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RAF Represented on Hells Canyon Recreation Access Council

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Hells Canyon, North America's deepest river gorge, encompasses a vast and remote region with dramatic changes in elevation, terrain, climate and vegetation. Carved by the Wild and Scenic Snake River, Hells Canyon plunges more than a mile below Oregon's west rim, and 8,000 feet below snowcapped He Devil Peak of Idaho's Seven Devils Mountains. 

The Hells Canyon National Recreation Area (NRA), managed by the US Forest Service (USFS), encompasses 652,488 acres of rugged backcountry hugging the borders of northeastern Oregon and western Idaho.  There are no roads across Hells Canyon's 10-mile wide expanse, and only three roads lead to the Snake River between Hells Canyon Dam and the Oregon-Washington boundary.  However, there are seven backcountry airstrips deep in the canyon along the Snake River.  Six of these airstrips are open for public use under direction from the 2003 Hells Canyon National Recreation Area Comprehensive Management Plan.  

RAF Oregon Liaison Richard Mayes has been invited to join the Hells Canyon Recreation Collaborative (HCRC) whose mission is to:

“Work collaboratively to maintain and improve recreation access into the Hells Canyon National Recreation Area by boat, raft, foot, vehicle, horseback, aircraft and associated historical infrastructure by making recommendations to the US Forest Service; promoting a sustainable recreation experience through the involvement of a broad group”.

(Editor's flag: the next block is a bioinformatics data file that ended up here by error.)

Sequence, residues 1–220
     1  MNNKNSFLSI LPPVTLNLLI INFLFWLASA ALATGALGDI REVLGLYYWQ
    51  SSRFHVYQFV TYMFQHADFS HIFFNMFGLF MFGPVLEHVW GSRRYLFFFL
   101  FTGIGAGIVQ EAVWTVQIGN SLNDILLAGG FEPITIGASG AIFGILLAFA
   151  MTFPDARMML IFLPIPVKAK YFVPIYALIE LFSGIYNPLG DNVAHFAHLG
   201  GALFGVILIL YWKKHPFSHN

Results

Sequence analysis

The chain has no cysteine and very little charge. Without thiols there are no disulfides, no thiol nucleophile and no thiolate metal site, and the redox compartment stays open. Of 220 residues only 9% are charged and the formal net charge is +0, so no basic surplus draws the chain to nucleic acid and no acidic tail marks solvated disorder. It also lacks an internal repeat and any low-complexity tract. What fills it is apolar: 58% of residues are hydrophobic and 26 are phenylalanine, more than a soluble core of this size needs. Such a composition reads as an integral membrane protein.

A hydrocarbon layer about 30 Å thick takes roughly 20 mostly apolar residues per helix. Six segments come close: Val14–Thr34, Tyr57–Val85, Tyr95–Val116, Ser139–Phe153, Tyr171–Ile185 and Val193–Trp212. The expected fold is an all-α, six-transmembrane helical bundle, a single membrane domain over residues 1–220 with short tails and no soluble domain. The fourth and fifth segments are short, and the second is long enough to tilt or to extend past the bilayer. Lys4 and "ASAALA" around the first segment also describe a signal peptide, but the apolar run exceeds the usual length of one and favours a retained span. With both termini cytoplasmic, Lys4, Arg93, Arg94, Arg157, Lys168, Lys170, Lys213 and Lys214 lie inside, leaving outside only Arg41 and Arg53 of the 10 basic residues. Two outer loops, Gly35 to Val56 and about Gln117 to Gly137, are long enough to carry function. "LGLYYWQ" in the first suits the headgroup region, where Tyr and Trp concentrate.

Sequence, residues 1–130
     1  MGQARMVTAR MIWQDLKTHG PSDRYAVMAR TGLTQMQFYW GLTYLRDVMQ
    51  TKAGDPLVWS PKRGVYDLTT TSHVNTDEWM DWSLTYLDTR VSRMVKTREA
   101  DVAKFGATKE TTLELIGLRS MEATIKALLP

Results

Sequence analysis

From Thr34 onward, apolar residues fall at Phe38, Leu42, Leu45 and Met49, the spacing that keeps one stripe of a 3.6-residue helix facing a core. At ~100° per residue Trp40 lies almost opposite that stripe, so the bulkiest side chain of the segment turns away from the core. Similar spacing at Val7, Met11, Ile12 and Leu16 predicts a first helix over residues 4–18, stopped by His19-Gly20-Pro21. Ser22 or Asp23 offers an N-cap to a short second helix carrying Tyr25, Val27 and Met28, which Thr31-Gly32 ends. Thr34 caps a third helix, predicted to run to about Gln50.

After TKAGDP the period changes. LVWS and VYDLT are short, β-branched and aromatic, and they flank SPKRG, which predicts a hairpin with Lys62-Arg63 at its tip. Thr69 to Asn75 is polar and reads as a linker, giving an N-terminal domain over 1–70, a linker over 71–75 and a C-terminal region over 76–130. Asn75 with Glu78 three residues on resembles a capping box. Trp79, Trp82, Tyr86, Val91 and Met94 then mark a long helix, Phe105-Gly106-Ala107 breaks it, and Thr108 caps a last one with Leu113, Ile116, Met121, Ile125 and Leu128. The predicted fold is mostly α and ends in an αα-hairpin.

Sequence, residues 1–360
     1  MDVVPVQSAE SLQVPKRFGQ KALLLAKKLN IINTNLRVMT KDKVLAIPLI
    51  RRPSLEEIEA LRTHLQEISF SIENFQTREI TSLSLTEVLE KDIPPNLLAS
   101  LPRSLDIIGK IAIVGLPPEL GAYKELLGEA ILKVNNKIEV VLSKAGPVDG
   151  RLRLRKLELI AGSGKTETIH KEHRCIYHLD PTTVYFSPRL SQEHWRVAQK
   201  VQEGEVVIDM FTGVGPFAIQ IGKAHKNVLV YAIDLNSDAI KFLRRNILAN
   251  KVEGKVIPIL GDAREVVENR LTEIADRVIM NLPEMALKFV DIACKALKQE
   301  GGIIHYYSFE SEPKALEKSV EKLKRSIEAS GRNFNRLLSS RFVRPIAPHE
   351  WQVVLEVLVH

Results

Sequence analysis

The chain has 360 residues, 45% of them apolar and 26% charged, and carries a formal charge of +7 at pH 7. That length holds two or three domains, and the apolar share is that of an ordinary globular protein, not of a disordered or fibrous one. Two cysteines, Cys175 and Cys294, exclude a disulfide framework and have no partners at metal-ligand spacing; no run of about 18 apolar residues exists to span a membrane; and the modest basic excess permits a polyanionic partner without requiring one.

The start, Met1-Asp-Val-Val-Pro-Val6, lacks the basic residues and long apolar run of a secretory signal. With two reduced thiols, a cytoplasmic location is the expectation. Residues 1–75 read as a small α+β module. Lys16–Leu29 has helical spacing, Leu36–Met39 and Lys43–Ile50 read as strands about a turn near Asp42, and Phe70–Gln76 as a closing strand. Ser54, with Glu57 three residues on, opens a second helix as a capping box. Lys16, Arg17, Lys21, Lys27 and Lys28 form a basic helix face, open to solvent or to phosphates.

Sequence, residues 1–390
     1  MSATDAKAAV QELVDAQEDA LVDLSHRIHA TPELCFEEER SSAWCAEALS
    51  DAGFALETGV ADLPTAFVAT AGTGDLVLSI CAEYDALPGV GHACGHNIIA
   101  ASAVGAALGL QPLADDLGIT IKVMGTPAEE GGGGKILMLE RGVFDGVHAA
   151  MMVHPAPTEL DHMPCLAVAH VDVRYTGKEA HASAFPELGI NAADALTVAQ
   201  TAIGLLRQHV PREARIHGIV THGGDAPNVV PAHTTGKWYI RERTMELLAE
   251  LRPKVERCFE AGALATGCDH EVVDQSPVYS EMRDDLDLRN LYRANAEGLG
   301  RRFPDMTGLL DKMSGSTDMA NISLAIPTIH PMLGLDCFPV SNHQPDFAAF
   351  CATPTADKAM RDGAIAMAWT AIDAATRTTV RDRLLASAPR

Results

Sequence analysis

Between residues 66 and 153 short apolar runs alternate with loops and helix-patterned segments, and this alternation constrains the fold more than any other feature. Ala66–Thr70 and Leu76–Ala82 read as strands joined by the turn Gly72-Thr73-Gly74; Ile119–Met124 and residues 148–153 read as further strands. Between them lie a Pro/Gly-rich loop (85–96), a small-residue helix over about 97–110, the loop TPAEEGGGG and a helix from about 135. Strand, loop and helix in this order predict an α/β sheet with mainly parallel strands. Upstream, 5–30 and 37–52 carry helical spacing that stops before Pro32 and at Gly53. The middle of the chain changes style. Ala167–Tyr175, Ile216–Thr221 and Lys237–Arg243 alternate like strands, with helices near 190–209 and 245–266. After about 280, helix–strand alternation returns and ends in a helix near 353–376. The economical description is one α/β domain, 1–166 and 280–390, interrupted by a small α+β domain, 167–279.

Richard attended the December monthly HCRC meeting in Riggins, ID.  The more than 35 participants at the meeting included representatives of the USFS and State agencies, various commercial and recreational users, and representatives of Idaho’s congressional delegation.  Discussions included progress of ongoing infrastructure improvements at Pittsburg Landing and the need to undertake protection of the historic Kirkwood Ranch complex, downstream of the Big Bar airstrip. 

Richard is working with the HCRC Steering Committee and fellow RAF member Bill Ables to protect and improve access to the six public use airstrips.  In collaboration with the Idaho Aviation Association, efforts are ongoing with the USFS to find an acceptable approach to reopen the seventh airstrip - Sluice Creek, which is currently off-limits.

Photo by Sam Beebe: Dug Bar Airstrip in Hells Canyon